North Potomac, Md.
How long have you been an ASBMB member?
I have been a member of ASBMB since the late 1970s or early 1980s (approximately 30 years).
What is the focus of your company?
I am currently an independent consultant in the development of biotechnology products. I have previously worked at Merck and Company, Inc., and MedImmune, LLC. At both companies I was primarily engaged in biologics. Until I retired from MedImmune in 2010, I was vice president of process biochemistry and formulation sciences. The focus of MedImmune is the development of biologically derived therapeutic agents targeted toward infectious disease, cancer, immunology and autoimmunity as well as vaccine development
What is the focus of your research?
The focus of my research has been to design and develop processes to express, purify, formulate and deliver biologically derived products as therapeutic agents and vaccines. There are many components to process and product development research at MedImmune, including biochemistry, molecular biology, cellular regulation, chemical engineering, virology and protein chemistry. In addition, the scope of my research covers products targeted toward many disease areas involving a variety of complex biological or cellular processes. The formulation part of my research involves investigation of protein chemistry, covalent modification of proteins, protein conformation and stabilization. In the course of my time in industry, I have worked on a variety of products that have been commercialized, such as Ethyol®, Synagis®, FluMist®, Vaqta®, Cervarix®, Cytogam®, Recombivax HB® and several others that have not yet received regulatory approval.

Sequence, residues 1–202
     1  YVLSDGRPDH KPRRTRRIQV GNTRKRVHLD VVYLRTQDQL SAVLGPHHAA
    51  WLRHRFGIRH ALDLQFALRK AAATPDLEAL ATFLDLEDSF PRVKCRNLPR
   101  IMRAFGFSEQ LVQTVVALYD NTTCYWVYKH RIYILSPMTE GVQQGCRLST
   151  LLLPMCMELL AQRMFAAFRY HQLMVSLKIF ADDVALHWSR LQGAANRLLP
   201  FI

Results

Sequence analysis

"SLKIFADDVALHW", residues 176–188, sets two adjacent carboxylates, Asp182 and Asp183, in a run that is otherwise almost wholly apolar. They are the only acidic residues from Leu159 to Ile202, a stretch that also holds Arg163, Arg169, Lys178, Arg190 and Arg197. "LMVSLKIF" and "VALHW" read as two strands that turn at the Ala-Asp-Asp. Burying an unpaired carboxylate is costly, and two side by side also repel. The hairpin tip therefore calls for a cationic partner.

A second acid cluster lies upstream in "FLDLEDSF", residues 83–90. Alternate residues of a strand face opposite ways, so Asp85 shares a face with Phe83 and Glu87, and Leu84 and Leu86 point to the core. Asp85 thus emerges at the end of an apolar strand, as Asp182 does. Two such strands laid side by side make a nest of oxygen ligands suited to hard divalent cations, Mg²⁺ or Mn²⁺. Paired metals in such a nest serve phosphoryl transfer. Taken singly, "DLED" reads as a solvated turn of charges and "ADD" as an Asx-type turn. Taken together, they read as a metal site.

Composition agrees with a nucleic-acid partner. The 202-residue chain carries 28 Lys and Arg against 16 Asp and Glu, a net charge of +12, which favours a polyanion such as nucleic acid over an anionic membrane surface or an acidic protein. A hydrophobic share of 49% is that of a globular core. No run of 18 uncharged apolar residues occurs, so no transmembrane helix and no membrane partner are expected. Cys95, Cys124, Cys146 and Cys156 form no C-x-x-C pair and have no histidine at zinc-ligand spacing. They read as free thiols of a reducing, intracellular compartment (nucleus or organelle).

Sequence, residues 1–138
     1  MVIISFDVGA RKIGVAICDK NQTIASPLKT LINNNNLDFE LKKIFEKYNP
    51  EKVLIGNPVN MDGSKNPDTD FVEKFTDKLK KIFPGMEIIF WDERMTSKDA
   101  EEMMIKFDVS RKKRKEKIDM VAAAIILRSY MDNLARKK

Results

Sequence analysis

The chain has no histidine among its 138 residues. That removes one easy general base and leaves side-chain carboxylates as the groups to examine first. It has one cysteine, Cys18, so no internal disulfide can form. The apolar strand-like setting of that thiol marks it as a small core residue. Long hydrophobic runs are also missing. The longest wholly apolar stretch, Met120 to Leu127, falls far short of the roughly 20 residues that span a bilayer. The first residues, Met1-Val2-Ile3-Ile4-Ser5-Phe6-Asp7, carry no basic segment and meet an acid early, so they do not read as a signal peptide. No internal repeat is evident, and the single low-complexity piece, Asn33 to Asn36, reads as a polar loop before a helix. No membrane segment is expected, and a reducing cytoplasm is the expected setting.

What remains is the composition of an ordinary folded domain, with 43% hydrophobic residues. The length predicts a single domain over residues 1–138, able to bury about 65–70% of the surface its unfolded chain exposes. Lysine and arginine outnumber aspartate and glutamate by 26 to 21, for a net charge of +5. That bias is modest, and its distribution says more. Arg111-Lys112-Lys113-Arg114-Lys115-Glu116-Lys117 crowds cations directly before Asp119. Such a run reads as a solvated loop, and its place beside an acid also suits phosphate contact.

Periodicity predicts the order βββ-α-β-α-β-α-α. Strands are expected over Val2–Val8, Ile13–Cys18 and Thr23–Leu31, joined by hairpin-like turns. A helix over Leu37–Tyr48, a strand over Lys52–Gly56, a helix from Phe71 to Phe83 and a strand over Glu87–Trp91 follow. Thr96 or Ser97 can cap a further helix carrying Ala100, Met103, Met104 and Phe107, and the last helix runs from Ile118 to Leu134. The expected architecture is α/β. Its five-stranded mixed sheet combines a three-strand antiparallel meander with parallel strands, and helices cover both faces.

Why did you go into industry?
I went into industry as an extension of my biochemistry training in Earl Stadtman’s laboratory at the National Heart, Lung and Blood Institute. I have found process and product development exciting and extremely challenging because it involves so many diverse areas of scientific investigation. In addition, process and product development routinely requires the development of new technology and innovative approaches to difficult problems.
Where do you see research in industry going in five to 10 years?
I believe the research for the biopharmaceutical industry will continue to grow and provide many opportunities in the next five to 10 years. The development and implementation of new technology to enhance the specificity of cellular targets in many disease areas, especially cancer, immunological, cardiovascular and neurological diseases, will continue to have a strong focus. Some examples might include the development of protein products, RNAi, antisense oligonucleotides and exon skipping, nanoparticle technology, controlled release formulations, and novel formulations targeting selective uptake of drugs by specific cells or tissues. There is an ongoing effort to refine product characterization and understand protein conformation, covalent modification, glycosylation of proteins and their interactions with other biological molecules. Other examples of the biochemical engineering component needed to support biopharmaceutical development might include the new and innovative design of processing equipment to streamline processes, the development of new technology for online process monitoring, and control or spray-dry technology to stabilize biopharmaceuticals, thereby making world-wide distribution feasible.
With the economy improving, are you seeing any changes in your job or company?
The biopharmaceutical industry is always changing even in a slow economy. Hiring may not be quite as robust as in 2000 – 2007, but I believe there are still a variety of interesting and challenging opportunities for biochemists and molecular biologists in many different types of companies, such as large corporate entities, small entrepreneurial companies where scientists wear many hats, and companies that conduct contract research, such as toxicology or viral safety, analytical methods development, instrumentation or analytical reagent preparation, or growth media development for cell culture.